One way to beat the rising cost of healthcare, especially with an economy in recession, is to invest in your health to prevent illness.
With some chilly months still ahead of us, we’re not clear of colds-and-flu season yet, and you need to keep your immune system operating optimally.
A trend towards better healthcare as a preventive measure is reflected in South Africa’s burgeoning vitamins and supplements market, which grew at a compound annual rate of 13.5% from 2014 to 2016, during a time when the country’s economy was limping along at a GDP growth rate of just 1-2%.
“This shows that South Africans are serious about their health,” says Bruce Dennison, president of the Health Products Association of South Africa (HPASA), which champions quality standards in an industry that was worth R3,8 billion last year.
Launched in 1976, the HPASA has long been at the forefront of the natural health products, nutritional dietary supplements and complementary and alternative medicines (CAMs) industries, and represents a broad spectrum of stakeholders, including manufacturers, wholesalers, distributors, retailers and practitioners.
“The HPASA plays a crucial role in ensuring the long-term sustainability of the market and works to provide a fertile environment for industry growth,” says Dennison. “This ensures that all members have sound knowledge at their fingertips and can provide the best-quality products to the consumer.”
Deal with deficiencies
Andrea du Plessis, nutritional expert at Vital Health Foods, says that your first focus should be on your diet, to work out if you’re ingesting enough of any specific vitamin or mineral. “Many South Africans follow diets that lack vitamin A, zinc and iron,” she says. “Vitamin A, which is found in carrots, sweet potatoes and beef liver, is crucial for maintaining eye health and vision, for healthy embryonic development, and for the maintenance of the immune system. Zinc and iron, which are needed for essential bodily functions, are often deficient in the diets of many South Africans. Zinc plays a vital role in immune support, helping the body to fight infections and is found in foods such as oysters, mussels and pumpkin seeds. Iron is responsible for carrying oxygen to the body’s tissues and is found mostly in red meat and dark green leafy vegetables such as spinach.”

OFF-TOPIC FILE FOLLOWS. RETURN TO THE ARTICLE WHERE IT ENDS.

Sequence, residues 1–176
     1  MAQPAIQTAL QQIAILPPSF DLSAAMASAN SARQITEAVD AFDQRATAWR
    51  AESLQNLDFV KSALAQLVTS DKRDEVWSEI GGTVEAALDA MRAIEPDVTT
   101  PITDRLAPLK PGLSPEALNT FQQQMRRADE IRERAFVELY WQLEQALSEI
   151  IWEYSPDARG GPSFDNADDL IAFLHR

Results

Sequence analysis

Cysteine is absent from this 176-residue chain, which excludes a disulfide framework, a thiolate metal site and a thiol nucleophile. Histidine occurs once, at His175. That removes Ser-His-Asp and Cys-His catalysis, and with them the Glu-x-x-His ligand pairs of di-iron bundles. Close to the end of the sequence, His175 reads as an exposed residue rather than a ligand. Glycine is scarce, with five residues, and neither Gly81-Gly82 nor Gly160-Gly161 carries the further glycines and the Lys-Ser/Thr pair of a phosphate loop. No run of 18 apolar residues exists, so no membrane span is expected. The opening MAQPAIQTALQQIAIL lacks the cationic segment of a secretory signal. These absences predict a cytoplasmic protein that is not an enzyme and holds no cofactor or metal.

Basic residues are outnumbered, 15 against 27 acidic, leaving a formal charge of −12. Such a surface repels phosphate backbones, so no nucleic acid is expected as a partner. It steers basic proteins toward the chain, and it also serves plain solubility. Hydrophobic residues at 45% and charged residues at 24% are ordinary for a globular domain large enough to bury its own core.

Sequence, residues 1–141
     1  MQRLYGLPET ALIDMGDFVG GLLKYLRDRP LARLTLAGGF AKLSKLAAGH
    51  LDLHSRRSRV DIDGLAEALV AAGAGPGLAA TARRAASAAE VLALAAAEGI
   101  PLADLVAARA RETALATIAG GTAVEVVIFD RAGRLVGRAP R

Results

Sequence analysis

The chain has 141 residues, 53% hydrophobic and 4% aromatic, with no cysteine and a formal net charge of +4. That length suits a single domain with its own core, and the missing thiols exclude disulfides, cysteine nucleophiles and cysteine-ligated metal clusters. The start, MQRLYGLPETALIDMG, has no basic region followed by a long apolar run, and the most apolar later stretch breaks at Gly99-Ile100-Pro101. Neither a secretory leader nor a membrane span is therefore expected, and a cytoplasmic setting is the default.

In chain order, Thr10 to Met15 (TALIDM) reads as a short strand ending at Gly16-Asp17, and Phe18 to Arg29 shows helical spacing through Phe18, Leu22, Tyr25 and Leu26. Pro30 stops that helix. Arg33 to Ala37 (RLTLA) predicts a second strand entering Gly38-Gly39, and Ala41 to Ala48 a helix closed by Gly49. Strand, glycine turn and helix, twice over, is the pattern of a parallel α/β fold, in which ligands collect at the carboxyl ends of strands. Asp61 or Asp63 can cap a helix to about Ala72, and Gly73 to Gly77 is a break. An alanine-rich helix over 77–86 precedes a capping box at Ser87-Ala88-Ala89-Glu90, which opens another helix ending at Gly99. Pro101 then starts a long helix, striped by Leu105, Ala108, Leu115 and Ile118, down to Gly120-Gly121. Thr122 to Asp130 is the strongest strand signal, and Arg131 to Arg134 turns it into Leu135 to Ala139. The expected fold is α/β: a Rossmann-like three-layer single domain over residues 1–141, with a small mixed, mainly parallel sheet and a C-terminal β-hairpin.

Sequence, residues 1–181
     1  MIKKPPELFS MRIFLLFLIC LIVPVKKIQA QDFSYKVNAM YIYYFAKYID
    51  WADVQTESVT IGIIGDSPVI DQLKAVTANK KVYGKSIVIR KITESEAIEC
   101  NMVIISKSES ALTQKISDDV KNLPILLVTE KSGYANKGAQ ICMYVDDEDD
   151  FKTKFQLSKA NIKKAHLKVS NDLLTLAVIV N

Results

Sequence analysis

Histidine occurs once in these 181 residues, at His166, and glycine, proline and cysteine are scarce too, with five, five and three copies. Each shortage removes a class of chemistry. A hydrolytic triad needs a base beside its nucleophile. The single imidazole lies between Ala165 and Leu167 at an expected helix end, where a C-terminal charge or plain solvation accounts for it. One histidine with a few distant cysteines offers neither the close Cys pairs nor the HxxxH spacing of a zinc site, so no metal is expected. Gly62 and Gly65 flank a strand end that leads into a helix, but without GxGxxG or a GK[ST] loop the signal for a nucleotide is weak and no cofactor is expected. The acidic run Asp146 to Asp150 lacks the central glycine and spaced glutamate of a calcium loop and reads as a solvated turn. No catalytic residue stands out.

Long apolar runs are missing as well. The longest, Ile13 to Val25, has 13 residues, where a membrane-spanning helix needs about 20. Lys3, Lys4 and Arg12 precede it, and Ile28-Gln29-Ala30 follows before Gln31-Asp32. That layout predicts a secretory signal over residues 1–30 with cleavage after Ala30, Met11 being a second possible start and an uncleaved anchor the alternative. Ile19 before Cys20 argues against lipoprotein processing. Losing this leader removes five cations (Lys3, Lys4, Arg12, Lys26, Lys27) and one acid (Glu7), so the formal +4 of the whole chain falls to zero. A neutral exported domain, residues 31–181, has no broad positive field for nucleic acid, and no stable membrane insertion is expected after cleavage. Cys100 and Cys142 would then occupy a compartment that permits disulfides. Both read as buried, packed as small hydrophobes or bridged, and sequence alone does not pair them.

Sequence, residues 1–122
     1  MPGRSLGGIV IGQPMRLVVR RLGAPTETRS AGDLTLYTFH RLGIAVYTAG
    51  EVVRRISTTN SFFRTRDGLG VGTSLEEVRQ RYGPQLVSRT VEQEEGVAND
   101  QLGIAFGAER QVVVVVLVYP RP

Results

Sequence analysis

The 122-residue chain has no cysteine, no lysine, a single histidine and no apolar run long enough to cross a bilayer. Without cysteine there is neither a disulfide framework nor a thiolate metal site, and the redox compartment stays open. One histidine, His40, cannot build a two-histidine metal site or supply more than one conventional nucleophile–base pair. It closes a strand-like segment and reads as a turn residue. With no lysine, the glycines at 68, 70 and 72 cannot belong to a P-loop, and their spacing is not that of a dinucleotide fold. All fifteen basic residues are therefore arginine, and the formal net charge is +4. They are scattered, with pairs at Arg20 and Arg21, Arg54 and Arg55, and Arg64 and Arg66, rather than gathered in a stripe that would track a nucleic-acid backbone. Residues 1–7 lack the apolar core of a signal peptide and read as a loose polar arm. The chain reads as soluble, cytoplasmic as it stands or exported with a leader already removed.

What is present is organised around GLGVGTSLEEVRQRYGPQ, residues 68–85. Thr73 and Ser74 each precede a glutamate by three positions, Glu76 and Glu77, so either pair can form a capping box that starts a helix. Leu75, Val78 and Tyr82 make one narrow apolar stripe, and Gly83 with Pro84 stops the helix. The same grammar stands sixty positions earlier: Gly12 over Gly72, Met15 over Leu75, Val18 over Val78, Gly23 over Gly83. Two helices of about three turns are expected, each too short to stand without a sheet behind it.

“Stress, lack of sleep, drinking alcohol and smoking all contribute to the depletion of nutrients in the body. The use of any medicines, ranging from pain killers, to oral contraceptives, antidepressants, cholesterol and blood pressure medication, anti-inflammatories and cold and flu medicines further deplete nutrients through reduced nutrient absorption and increased excretion,” Du Plessis adds.
If your diet is lacking in any vital nutrients, you may consider supplementing it with additional vitamins or minerals. Faced with a wide choice, deciding what supplements you should be taking to best protect your health can be a daunting task, however. “Always check the nutritional information on the packaging to ensure you’re buying a product that will meet your personal requirements,” Dennison advises. A good multivitamin should have all the vitamins and minerals you need to help your body perform at its optimum.
It is important to be mindful and follow the dosage recommendation when taking supplements. In the case of water-soluble nutrients, such as the B vitamins, the body will only absorb what is needed, and excrete the rest. However, excessive intake of fat-soluble nutrients such as Vitamin A could be harmful, as they are not easily dispelled from the body.
Please be aware that taking a supplement will not solve major health issues. You need to visit your local general practitioner if you suffer from any serious symptoms.
Author: Pedro van Gaalen
When he’s not writing about sport or health and fitness, Pedro is probably out training for his next marathon or ultra-marathon. He’s worked as a fitness professional and as a marketing and comms expert. He now combines his passions in his role as managing editor at Fitness magazine.